Following the U.K. government’s decision in July to ban the sale of new petrol and diesel cars from 2040, a new debate has sprung up in the country concerning new demand for electricity consumption.
Critics of the decision argue that the U.K.’s power fleet is not broad enough to power a widescale switch from the internal combustion engines that vehicles use today, to EVs. Therefore, they add, it will be necessary to build new generation plants and upgrade the electricity infrastructure, leading to massive additional costs that will be born by the consumers.
As of May 2017, there were 100,000 EVs on the U.K.’s roads compared to a total volume of 30 million cars and light vans.
Smart charging is key
Mike O’Hare, senior development manager at the National Grid Ventures, told the UK Solar and Storage show that the roll-out of EVs will increase electricity demand, but smart charging will be key if EVs are to be efficiently integrated into the electricity system.
Smart charging, added O’Hare, means that the U.K. needs to develop a mosaic of charging solutions ranging from in-home charging to rapid charging in stations – a logistic, financial and time-sensitive challenge.
The National Grid publishes its Future Energy Scenarios (FES) each year that provide different pathways (but not necessarily forecasts) for the U.K.’s energy sector up to 2050. All four of the future scenarios (Two Degrees, Steady State, Slow Progression and Consumer Power) published in July include EVs, said O’Hare, while some are more optimistic and others more conservative.
The Two Degrees scenario specifically is the only scenario where all U.K. carbon reduction targets are achieved and envisages that all cars and light vans will be electric by 2050. O’Hare explained that if a smart charging system is in place, the Two Degrees scenario suggests only a 5 GW increase on current electricity peak in the year 2050. However, he added, if the charging profile of the EVs is unconstrained without a smart process in use, the same scenario leads to an 18 GW increase on the current electricity peak.
Nevertheless, O’Hare argued that the EV trend is not going to disappear. Air quality concerns, targets for carbon reduction, falling battery costs and personal choices (e.g. some drivers like EVs because they are quiet) mean their usage will develop rapidly. His only concern is for heavy vehicles, which he finds more likely to turn firstly to natural gas or hydrogen solutions before they go electric.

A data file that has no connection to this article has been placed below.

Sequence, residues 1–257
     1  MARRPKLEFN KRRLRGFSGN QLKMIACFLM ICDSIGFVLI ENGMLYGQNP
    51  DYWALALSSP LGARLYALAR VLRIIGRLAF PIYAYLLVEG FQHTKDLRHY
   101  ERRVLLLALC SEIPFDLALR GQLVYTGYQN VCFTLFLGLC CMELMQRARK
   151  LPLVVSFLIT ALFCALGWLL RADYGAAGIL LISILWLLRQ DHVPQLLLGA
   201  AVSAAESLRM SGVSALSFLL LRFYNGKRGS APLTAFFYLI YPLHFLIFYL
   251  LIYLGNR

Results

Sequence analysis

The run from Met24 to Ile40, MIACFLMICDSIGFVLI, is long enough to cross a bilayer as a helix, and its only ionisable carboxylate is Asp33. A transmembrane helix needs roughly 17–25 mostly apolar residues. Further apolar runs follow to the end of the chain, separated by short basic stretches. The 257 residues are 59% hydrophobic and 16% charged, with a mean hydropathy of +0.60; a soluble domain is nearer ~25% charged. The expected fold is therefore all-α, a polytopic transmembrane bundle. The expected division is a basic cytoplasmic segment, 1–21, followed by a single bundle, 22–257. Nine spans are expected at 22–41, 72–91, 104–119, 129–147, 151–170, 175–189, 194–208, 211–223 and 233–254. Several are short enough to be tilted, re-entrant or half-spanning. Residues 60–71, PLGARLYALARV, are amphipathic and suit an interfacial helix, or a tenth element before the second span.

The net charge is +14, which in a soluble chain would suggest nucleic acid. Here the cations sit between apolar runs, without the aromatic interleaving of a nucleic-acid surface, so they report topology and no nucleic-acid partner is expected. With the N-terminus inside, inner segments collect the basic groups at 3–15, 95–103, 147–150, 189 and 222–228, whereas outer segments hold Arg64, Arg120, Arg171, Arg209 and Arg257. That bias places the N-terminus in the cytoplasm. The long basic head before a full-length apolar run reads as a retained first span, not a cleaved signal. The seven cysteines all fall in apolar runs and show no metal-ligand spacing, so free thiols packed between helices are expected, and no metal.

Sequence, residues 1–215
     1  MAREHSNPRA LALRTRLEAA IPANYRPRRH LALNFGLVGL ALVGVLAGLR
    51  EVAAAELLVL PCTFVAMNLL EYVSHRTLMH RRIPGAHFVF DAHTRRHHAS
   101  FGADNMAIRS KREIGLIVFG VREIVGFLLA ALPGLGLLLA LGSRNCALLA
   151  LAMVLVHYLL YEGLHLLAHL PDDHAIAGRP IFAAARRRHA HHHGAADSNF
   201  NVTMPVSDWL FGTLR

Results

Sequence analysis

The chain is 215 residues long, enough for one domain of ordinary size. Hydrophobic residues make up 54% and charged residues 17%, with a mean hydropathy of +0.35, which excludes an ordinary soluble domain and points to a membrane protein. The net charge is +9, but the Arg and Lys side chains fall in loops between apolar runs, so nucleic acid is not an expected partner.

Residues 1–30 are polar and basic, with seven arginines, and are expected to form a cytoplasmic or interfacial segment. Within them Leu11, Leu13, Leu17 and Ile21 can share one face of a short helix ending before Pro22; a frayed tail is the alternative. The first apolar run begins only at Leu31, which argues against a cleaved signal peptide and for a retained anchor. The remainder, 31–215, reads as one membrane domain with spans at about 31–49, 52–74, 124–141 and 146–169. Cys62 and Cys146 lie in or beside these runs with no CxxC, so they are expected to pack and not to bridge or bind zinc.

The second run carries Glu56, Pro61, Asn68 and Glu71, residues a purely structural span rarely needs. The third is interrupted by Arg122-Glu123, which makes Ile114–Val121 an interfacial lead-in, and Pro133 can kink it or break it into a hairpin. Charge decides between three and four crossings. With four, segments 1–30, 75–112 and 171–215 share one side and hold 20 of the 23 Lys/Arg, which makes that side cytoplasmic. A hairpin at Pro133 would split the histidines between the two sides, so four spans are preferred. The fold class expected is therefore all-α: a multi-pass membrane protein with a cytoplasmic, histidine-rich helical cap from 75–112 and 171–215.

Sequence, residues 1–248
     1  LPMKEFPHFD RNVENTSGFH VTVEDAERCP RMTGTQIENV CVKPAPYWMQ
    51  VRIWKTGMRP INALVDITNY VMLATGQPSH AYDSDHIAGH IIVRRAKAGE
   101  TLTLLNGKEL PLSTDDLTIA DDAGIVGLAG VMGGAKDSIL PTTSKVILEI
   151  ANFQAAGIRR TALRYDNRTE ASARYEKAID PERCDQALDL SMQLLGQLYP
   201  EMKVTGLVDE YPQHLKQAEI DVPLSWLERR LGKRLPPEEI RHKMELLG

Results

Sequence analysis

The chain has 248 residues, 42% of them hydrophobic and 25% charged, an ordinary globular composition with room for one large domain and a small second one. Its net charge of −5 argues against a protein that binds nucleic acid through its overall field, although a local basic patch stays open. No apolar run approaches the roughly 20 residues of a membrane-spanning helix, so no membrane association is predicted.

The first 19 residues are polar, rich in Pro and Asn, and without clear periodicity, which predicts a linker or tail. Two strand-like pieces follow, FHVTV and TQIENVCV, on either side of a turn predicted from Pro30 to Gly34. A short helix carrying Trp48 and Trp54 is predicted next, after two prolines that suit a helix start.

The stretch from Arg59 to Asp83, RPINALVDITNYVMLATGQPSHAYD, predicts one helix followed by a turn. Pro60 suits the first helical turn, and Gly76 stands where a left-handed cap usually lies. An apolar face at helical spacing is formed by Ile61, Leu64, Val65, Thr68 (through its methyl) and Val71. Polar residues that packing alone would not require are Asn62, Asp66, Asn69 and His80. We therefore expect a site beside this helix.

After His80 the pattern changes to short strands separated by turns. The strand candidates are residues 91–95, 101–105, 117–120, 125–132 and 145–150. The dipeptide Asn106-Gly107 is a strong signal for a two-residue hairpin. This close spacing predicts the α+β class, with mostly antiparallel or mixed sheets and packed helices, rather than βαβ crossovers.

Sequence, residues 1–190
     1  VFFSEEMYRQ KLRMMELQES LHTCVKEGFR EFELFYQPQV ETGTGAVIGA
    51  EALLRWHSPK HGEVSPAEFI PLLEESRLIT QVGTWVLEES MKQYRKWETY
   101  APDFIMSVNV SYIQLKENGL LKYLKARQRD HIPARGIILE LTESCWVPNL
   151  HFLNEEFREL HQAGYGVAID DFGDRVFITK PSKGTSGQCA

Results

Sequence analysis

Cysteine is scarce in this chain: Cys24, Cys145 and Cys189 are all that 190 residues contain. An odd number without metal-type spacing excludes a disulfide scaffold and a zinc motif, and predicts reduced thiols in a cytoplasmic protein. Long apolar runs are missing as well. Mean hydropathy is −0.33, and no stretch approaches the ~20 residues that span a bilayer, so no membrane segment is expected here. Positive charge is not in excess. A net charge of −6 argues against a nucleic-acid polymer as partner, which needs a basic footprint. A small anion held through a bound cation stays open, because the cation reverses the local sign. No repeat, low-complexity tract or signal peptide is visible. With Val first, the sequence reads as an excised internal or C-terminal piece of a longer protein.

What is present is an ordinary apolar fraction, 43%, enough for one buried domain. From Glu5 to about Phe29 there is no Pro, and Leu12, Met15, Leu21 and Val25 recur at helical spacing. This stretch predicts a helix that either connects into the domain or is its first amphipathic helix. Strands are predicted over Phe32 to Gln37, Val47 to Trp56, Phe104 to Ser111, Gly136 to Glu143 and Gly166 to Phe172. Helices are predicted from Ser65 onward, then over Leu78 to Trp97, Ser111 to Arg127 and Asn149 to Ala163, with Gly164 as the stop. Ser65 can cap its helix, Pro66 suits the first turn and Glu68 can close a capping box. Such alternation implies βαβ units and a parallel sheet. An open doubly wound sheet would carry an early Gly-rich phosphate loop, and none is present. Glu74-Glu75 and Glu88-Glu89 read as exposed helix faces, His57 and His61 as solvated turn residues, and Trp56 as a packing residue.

EVs to grid?
The plug-in of EV batteries to the electricity grid, helping it to stabilize, is also regularly discussed among the U.K.’s energy technology, business and policy communities.
O’Hare appeared sceptical on this front, referring to the argument that the most valuable part of an EV is the battery. Therefore, EV owners might prove unwilling to engage with the grid, preferring to avoid the degradation of their batteries. For this reason, O’Hare suggested that there is room for the industry to communicate that a certain amount of battery degradation is natural, while vehicle to grid services could perhaps be promoted via incentives, given that they are necessary to manage peak demands.
O’Hare’s comment on the role of the distribution network operators (DNOs) is also crucial: large investment might be needed in some areas if residents install home chargers in bulk (e.g. in affluent areas). But DNOs are heavily regulated entities, aiming always to keep costs down, and rarely making strategic investments.
Eventually, EVs plus energy storage plus solar might all come together nicely, providing the right business models and leading to a low carbon future. But the emerging question is who is going to make the strategic plan to pave the way for it?
A positive point in the seminar was the presentations by many city councils, which are building their own local transportation strategies. The representative of London’s council told the conference that there are 9,400 plug-in EVs registered today in London; Milton Keynes plans to build an EV charging hub comprising 6 to 10 rapid EV chargers, and Manchester aims to develop a so-called transport eco-system. Such projects are mainly funded by U.K. government grants.
Regional city councils are also active, said Colin Herron of Zero Carbon Futures, a consultancy specializing in low carbon vehicle technologies. But the overall EV growth in the U.K. is happening ad hoc and lacking strategy, said Herron, adding that the country needs to decide how much infrastructure it needs and where, based on demographics, traffic flows and traffic density.